Brian Higgins, former chief of the Bergen County Police Department in New Jersey, explained the rationale underlying that training. “When a crowd starts getting to that point where they become a riot, time is of the essence. You have to act and act swiftly and you have to be very decisive,” said Higgins, an adjunct professor at John Jay College who teaches emergency incident management. “Once the crowd becomes overly violent, or extremely violent, that’s very hard to regain that ability to manage the crowd again.”
Compounding the city’s mistakes was the police department’s failure to accurately model how civil unrest unfolds. According to SRG training documents published by The Intercept in April, the NYPD’s riot squad was taught to recognize three narrow categories of protesters: the “everyday citizen,” those who apply for permits and “honor the first amendment”; the “professional” protester, who breaks minor laws and “may be paid to be arrested through donors”; and the “anarchist,” who may “challenge authority” and “destroy property.”
Remarkably, the SRG Guide and police training modules did not include any counter-looting tactics whatsoever, despite such measures being included in the guidelines of the Disorder Control Unit, the predecessor to the SRG. The Disorder Control Unit was created after the city’s failure to contain the 1991 Crown Heights riots; in 2015, early in de Blasio’s tenure, the unit’s responsibilities were folded into the work of the newly created SRG.
In addition to its failure to train on looting, the NYPD’s response was also hindered by misfocused intelligence and a breakdown in the chain of command, according to a letter to the state attorney general from the Sergeants Benevolent Association, the union representing NYPD sergeants.
“Did the Department possess intelligence relative to outside agitators, organized looting rings and/or criminal enterprises which planned to damage property and burglarize commercial establishments during the civil unrest?” asked the letter, signed by SBA President Ed Mullins. “If so, how was that information acted upon, if at all?” The letter also cites mayoral interference with NYPD command strategies and asks whether particular, previously established procedures were put in place during the specific emergency at hand.
The NYPD has updated its police training since last summer to encompass more categories of protesters. According to a report produced by the city’s Department of Investigation, the NYPD now recognizes “the non-ideological opportunist” as a fourth type of actor — a label that more accurately describes the looters. Prior to this development, the SRG did not make a distinction between politically motivated protesters and profit-driven opportunists. The result was a swift violent crackdown, not on the looters who posed a serious public safety threat, but on the people protesting against police brutality.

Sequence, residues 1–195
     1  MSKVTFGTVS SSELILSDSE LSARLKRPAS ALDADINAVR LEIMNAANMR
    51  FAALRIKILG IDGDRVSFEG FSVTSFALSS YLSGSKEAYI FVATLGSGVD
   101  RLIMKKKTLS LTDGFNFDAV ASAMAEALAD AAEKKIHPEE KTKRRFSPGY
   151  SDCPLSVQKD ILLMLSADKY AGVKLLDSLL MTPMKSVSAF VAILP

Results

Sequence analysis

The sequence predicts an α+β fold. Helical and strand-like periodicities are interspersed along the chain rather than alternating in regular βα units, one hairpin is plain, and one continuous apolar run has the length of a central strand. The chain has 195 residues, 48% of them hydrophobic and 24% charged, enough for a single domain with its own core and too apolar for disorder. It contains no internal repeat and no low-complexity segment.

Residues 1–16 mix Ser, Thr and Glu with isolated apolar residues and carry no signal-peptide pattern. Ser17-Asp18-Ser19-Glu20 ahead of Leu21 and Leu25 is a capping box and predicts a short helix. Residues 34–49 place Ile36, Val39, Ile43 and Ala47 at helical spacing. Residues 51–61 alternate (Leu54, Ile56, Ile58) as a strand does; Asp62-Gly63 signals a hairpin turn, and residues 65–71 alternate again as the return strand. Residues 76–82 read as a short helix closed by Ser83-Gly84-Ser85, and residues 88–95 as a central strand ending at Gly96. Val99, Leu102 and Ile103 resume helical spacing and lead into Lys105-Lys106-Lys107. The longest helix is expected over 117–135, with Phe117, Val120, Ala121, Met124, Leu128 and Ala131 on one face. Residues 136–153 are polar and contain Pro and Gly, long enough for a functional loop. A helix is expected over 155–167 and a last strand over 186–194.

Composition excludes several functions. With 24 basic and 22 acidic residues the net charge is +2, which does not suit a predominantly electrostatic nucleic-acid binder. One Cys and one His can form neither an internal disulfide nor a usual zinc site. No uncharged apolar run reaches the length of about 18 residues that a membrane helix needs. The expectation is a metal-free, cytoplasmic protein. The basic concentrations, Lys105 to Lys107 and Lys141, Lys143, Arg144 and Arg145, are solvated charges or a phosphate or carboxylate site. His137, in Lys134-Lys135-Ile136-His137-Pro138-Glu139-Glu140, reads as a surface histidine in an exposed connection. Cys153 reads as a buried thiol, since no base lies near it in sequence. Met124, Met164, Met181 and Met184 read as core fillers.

As the Shens were beaten in front of their store in the Bronx, the police were less than a block away. As she tried to escape, family matriarch Wendy Shen, an immigrant from Taiwan, was dragged from her car by people armed with crowbars, baseball bats, and a sledgehammer. The family called 911 repeatedly — as did the neighboring bodega, which was also looted — but no help came.
The attackers, undeterred by the cops, left Wendy Shen with a shattered femur. She would be hospitalized for two weeks, undergo three surgeries, and endure months of rehabilitation. The family lost a few million dollars from the stolen gold and jewelry, the damage to their store, and their totaled car. Their insurance company refused to cover the losses, Jessalyn Shen said, and the family shuttered the store in February.
“The police didn’t walk the one block over to help us, even though they could see what was going on.”
“It was most frustrating to be a block away from Fordham Road and see the police cars and to, like, scream for help, and have nobody come, even though they can see you, and hear you, and they just didn’t move,” Jessalyn Shen said. “The police didn’t walk the one block over to help us, even though they could see what was going on.”
Jessalyn Shen said that detectives investigating the robbery the next day told the family that officers were instructed not to leave their posts that night. While NYPD officers generally have broad discretion to act, during times of civil unrest, they are instructed to suspend their discretion and strictly follow orders, according to the NYPD Academy’s training documents.
“There might be looting two blocks away, the cops can’t respond because they were told, ‘Don’t leave this post,’” said Higgins, the former police chief. Ideally, he said, commanders should allow for certain circumstances that would permit officers to leave their post.
Higgins added that situations like what happened in the Bronx are a balancing act. “You need to have those on the ground have the ability to make decisions,” he said. “On the other hand, people on the ground don’t always see what those in the emergency operation center or command post can see.”
The NYPD’s tactics resembled what is known as the “fixed post” approach, which was previously faulted for exacerbating the Crown Heights riots. The state government’s 1993 report on Crown Heights stated “because the police were deployed at fixed posts, roving bands were able to move through the neighborhood. These roving bands committed violent acts and moved elsewhere before the police could respond.” The police commissioner at the time, Lee Brown, acknowledged that the fixed post tactics made the Crown Heights riots worse.